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mismatch behind many unemployed grads: IDS
Published on: Friday, September 14, 2018

Kota Kinabalu: A mismatch between demand and supply of youths with university degrees is believed to be behind the high percentage of jobless graduates nationwide, including Sabah.

Figures have shown that graduate unemployment in 2017 was approximately 204,000, representing about 40 per cent of total unemployment in the country.

At 13.5 percent, Sabah is the highest among all states in overall youth unemployment.

Institute for Development Studies (IDS) Chairman Tan Sri Simon Sipaun (pic), said obviously something has not been going right in the way the country is addressing the issue.

"Either the country is producing the wrong skills which it does not need or it is unable to create enough jobs. I have a gut feeling that there is a skills mismatch," he told participants of a seminar titled "Youth Unemployment: Entrepreneurship as Valuable Alternative Source of Job Creation & Economic Dynamism for Youth in Sabah."

The seminar was organised by the IDS in partnership with Konrad Adenauer Stiftung and in collaboration with Universiti Malaysia Sabah.

Sipaun noted that because the issue has been haunting the country for so long, a graduate is synonymous with being unemployed these days.

"I know of a young man who has a Bachelor's degree from a reputable Australian university and a PhD from a Malaysian university. I once asked him what he was doing. He replied, "my full time job is looking for a job"," he said.

He urged the State Education and Innovation Ministry to look into the mismatch problem, saying that unemployed youths represent a waste of human resources.

It could also lead to very serious social problems, he added.

Sipaun acknowledged part of the problem is caused by degree holders being picky about jobs, especially blue collared ones. On the other hand, he blamed it on bad government decisions, some of which he said did not make any common business sense which led to a loss of opportunity for the state.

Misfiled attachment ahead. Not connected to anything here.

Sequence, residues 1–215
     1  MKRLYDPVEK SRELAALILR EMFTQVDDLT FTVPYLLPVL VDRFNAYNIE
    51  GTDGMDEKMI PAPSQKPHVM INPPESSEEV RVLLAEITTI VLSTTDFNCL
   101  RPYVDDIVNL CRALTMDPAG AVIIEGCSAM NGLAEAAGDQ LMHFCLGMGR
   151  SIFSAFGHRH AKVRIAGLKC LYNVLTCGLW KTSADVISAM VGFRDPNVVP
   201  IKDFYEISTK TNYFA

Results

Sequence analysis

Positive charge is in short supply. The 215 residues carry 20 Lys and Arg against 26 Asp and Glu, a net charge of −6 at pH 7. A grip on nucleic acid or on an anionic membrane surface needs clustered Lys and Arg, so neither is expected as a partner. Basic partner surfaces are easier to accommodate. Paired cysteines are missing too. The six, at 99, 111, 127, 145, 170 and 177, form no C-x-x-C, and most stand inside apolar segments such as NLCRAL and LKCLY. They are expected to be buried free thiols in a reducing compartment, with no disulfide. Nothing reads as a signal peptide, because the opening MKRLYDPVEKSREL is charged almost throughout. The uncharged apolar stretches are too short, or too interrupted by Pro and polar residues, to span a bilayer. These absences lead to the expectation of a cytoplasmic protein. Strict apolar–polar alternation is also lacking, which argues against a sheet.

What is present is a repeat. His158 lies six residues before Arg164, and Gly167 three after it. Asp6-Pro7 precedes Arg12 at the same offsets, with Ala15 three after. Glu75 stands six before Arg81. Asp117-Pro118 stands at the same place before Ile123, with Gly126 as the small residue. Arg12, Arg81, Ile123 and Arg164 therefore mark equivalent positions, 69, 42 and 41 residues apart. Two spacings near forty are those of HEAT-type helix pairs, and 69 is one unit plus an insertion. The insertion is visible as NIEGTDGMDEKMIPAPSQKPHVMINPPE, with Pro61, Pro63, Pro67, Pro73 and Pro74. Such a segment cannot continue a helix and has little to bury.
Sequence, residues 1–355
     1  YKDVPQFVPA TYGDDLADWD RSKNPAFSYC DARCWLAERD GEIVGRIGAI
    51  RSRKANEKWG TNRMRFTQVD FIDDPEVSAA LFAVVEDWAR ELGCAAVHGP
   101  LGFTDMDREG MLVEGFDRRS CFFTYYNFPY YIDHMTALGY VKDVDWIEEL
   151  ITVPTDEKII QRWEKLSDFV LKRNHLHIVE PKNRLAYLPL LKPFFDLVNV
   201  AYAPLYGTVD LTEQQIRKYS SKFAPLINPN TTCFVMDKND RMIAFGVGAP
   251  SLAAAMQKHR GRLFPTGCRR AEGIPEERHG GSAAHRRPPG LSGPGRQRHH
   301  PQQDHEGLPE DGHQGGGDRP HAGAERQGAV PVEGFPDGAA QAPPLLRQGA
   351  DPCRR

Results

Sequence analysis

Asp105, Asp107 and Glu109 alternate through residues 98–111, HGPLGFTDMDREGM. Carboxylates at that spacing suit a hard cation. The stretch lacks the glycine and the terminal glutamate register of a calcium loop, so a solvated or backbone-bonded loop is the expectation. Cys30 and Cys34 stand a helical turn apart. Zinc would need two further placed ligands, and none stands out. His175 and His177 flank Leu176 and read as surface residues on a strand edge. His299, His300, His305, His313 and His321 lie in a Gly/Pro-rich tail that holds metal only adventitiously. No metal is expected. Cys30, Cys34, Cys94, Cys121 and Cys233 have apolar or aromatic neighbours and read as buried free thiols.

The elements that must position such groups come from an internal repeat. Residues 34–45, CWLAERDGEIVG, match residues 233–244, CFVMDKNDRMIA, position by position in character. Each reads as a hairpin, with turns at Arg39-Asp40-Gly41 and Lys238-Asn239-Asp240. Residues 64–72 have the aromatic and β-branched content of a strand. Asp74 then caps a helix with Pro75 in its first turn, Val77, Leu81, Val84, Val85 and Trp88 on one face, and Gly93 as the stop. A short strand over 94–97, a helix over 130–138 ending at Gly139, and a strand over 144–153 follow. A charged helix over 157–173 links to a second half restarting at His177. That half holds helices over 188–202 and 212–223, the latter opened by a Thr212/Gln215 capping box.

"I cannot find any acceptable reason why Sabah should be poor bearing in mind that it is rich in natural resources. "I understand that the biggest oil and gas deposit is located in Sabah. What I fail to understand is that gas is located in Sabah yet it is transported 512km away to be processed via gas pipeline costing billions of ringgit.

"Conventional economic and business wisdom tells me that raw materials should be processed as near as possible to their source. Can you imagine the number of jobs would have been created if the gas processing plant was located in Kimanis? It represented a lost opportunity for Sabah," Sipaun argued.

On this note, he called on the new federal government to fairly meet the legitimate demands of the state so that it could build a stronger economy that is the basis for the creation of more job opportunities.

Six papers were presented during the one-day seminar which objectives, among others, were to increase public awareness especially youth on the vital role of entrepreneurship as job creation and providing opportunities to young people. It also helped provide a platform for youth to be heard of what they need to succeed. - Leonard Alaza


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